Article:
Humanity left Earth behind and spread across the stars. For centuries, it has been in the grip of the Empire, ruled by the unchanging clones of Cleon I. When visionary mathematician Hari Seldon predicts its downfall, will Cleon II support his vision of a scientific Ark or dismiss his heretical notions of cultural apocalypse?
Out on the long road, dark dweomer assassins stalk Jill and Rhodry. Their orders are to kill Jill and take Rhodry to Bardek, but when Rhodry takes a hire in a Cerrgonney feud he and Jill become separated. Far from Nevyn’s aid, the lovers are tangled in a web of lies as the dark dweomer closes in on its prey…
Jill is free to ride the long road with her noble lover, now a shamed silver dagger. Eldidd’s future hangs on Rhodry’s Wyrd, and Jill must do her best to keep them both alive. But she can’t escape her own dweomer destiny: her aptitude for magic puts her in harm’s way even as it protects her…
The Blazing World is a 17th century portal fantasy that reflects on natural philosophy with unexpected feminist and polyamorous leanings. Time to meet Frankenstein‘s convention-defying grandma.
Deverry is an honour-bound kingdom defined by violence, where the mistakes of past lives shape future incarnations. 300 years ago, a prince’s arrogance kept a soul from the dweomer. Now Jill must break chains of love, hate and obligation if she is to finally realise her destiny. Of course, she doesn’t know that…
John Wyndham is one of the godfathers of British science fiction, famous for his accessible, thoughtful apocalyptic novels and the broad spectrum of his short stories. In Hidden Wyndham, Amy Binns reveals the man behind the big ideas.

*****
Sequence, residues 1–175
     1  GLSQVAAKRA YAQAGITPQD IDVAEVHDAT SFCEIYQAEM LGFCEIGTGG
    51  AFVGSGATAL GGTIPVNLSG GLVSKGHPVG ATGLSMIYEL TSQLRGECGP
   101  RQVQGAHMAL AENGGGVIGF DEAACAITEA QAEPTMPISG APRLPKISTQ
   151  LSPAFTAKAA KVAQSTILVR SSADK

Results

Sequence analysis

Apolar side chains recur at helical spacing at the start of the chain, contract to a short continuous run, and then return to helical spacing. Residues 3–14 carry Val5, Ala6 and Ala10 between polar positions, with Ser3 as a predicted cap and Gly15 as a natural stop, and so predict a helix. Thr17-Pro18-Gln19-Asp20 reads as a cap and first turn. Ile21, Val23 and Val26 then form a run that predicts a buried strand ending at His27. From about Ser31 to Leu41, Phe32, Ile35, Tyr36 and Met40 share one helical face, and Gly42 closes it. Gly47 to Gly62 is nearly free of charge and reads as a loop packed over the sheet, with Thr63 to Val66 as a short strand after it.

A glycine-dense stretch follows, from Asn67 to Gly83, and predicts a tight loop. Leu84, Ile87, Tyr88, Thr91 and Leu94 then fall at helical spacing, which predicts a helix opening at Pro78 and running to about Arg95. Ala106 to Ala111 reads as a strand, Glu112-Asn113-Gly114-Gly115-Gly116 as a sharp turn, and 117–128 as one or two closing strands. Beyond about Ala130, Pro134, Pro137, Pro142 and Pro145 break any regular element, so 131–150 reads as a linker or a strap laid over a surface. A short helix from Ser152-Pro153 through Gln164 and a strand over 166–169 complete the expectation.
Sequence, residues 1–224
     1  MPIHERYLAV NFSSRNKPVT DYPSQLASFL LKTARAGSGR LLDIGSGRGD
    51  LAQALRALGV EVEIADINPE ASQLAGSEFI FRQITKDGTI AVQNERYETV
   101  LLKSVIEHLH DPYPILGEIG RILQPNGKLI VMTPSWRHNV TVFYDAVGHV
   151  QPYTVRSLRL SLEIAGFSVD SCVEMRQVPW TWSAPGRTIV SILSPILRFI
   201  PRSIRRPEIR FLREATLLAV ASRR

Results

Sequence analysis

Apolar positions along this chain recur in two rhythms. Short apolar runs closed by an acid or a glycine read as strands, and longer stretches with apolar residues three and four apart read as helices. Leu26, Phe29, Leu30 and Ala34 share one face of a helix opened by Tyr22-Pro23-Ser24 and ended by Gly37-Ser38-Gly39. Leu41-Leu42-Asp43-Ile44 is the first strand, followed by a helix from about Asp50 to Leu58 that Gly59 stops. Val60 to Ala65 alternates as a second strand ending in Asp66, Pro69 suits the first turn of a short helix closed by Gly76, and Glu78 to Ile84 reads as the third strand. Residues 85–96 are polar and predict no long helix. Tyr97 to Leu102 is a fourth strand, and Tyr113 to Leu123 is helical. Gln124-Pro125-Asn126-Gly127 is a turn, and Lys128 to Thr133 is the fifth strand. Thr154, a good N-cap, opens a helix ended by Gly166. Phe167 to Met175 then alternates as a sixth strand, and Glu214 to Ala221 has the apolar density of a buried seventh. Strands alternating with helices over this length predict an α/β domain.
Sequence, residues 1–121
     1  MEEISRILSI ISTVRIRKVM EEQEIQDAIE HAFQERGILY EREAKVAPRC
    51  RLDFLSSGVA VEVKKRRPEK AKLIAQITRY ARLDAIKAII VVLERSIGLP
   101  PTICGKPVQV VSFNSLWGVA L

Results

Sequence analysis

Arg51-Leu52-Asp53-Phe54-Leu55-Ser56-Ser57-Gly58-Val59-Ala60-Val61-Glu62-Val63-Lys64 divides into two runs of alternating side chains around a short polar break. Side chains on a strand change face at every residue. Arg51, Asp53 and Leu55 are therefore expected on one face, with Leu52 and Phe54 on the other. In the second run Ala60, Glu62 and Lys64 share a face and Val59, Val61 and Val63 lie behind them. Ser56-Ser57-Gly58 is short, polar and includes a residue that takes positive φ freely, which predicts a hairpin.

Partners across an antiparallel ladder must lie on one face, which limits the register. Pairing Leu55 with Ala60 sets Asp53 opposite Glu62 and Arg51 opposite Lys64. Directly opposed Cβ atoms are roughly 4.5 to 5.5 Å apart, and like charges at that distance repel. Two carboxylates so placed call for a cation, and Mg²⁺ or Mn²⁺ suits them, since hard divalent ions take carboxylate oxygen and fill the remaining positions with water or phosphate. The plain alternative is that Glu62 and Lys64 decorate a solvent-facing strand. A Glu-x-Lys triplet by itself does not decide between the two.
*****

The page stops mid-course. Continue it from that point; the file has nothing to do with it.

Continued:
Time for one of my intermittent efforts to catch up on the greats of science fiction. For SciFiMonth (ahem, and the Hive prompt for Dancing with Fantasy and SciFi) I chose Arthur C Clarke’s first novel – one of his earliest and apparently one of his best.
Last autumn, I ‘fessed up that I rarely read SF classics. Looking at “scifi novels every fan must read” lists, I’m a very bad SF fan indeed. This year I made a half-hearted effort to mend my ways (I haven’t exactly let them dominate my reading), but Sci Fi Month was my inspiration to tackle a giant.
When the High Priestess dies, the lesser priestesses leave the Tombs of Atuan and go in search of the newborn she has become. If she grows healthy and unblemished, she is fed to the Nameless Ones, keeper of their rituals, heir to their secrets. Could such a child ever turn her back on the Dark?
Daniel Dann doesn’t believe in ESP, but he’s monitoring telepaths on a top secret Navy project. The Navy wants to talk securely to submarines, but across the galaxy a desperate race on a dying planet latch on to the little group’s signals as their last best hope to save their children. Whatever the cost.
I nearly chose I Am Legend for a Confession, but I’ve read it before – however little I remembered beyond the ending. Instead, I’m going to take another look at it side by side with the Will Smith adaptation (as a Bad SF Fan, I haven’t seen the Vincent Price and Charlton Heston versions). Which will be better?
Double whammy confession time: I hadn’t previously read Philip K Dick’s classic, and I don’t much like Blade Runner. Spot the obvious problem though: I have seen Blade Runner, and it’s really hard to read the book without being influenced by it.
It occurred to me that classics of fantasy are as important to me as classics of scifi. So I’m cheating this month, and visiting Earthsea in my celebration of genre classics. I’ll come completely clean: this isn’t even a first read. This was one of my first loves. Can it survive my adult prejudices?
Okay, having ‘fessed up about how few classics I’ve read, I shall endeavour to read at least half a dozen seminal SF works next year in my ongoing Confessions. But first, some catch-up – I read Slaughterhouse Five a while back. I knew it was hailed as a great SF AND great anti-war novel, but I didn’t really know what to expect. It certainly wasn’t what I got.